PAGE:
It's easy to think of crooked or misaligned teeth as a purely cosmetic problem, and not something that can have a serious impact on your overall oral health. And if you're thinking that the only benefit to straightening your teeth is an improved smile, you may be tempted to pass on paying for orthodontic work. However, ignoring your crooked teeth may be a serious mistake. Take a look at some health risks that you can avoid by straightening your smile.
When your teeth are misaligned, they're harder to clean, because they may crowd each other out, making it difficult to brush and floss effectively. When that happens, you're more likely to experience a buildup of plaque on your teeth and bacteria can grow between your teeth and on your gums. This puts you at risk for gingivitis, which can turn into periodontitis if left untreated.
When you straighten your teeth, you'll be putting them back into a position where they can be more easily reached with toothbrush bristles and dental floss, allowing you to clean them more effectively.
For the same reason that crooked teeth are vulnerable to gum disease, they're also vulnerable to the kind of tooth decay that can eventually lead to tooth loss. When you have plaque and bacteria that can't be easily cleaned away, you're at greater risk of tooth loss. However, tooth decay isn't the only reason why crooked teeth put you at risk of tooth loss.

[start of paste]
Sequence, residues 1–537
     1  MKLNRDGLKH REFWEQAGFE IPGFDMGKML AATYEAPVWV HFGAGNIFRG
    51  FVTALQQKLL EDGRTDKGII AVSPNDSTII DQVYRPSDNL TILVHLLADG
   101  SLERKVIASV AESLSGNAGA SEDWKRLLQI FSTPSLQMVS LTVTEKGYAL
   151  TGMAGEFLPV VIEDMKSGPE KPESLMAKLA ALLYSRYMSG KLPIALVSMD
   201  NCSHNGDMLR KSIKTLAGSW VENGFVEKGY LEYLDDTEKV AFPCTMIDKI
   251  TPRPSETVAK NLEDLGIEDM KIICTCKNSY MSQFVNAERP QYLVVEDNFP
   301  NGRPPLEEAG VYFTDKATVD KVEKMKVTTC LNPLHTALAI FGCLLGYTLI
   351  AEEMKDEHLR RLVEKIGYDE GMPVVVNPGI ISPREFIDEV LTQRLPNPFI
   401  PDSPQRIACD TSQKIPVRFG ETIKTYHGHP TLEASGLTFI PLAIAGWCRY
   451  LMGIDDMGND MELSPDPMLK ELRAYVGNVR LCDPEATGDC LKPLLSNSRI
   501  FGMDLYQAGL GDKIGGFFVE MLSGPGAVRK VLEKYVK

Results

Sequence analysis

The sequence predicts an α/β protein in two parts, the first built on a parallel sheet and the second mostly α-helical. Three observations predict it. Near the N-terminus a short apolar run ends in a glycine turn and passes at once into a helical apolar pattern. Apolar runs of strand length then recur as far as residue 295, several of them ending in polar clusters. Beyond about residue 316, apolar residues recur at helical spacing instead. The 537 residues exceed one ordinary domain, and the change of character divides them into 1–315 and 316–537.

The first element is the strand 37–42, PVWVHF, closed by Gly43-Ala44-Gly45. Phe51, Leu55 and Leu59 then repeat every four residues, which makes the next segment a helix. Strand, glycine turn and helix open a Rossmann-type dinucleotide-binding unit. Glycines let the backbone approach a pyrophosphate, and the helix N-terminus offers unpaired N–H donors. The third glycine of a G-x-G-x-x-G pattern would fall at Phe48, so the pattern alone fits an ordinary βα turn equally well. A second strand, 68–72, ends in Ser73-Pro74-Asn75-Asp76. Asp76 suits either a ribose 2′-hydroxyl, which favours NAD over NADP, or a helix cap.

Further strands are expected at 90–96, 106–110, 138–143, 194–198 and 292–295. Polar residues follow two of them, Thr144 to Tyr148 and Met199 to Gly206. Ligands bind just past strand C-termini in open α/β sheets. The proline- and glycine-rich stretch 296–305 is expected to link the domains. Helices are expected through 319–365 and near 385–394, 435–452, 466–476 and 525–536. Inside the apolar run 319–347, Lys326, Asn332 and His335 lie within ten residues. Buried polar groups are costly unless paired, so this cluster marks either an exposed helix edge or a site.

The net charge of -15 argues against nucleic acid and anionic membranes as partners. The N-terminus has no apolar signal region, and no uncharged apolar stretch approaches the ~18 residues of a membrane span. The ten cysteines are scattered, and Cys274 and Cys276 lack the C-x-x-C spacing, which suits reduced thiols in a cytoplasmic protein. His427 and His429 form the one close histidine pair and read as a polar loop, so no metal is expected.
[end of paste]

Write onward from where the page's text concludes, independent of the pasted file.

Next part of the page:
If your tooth misalignment causes some of your teeth to protrude – for example, if you have an overbite – the protruding teeth are at greater risk of injury than your other teeth. In an accident, teeth that stick out further than they should are more likely to chip or crack. Even if you have them repaired, these teeth will be weaker and you're more likely to lose them at some later point.
Misaligned teeth may not meet properly when chewing, which can make eating difficult or uncomfortable. You may still be able to eat a meal, but if you experience jaw pain, headaches, or neck pain after eating, it could be a sign that your teeth aren't connecting properly while chewing.
Furthermore, your teeth can "drift" over time. Even if you aren't having chewing problems now, you may experience them as your teeth move further and further out of alignment, especially if you lose a tooth at some point.
Don't let crooked teeth harm your overall oral health. If you have crooked teeth, talk to an orthodontist about a plan for straightening them.
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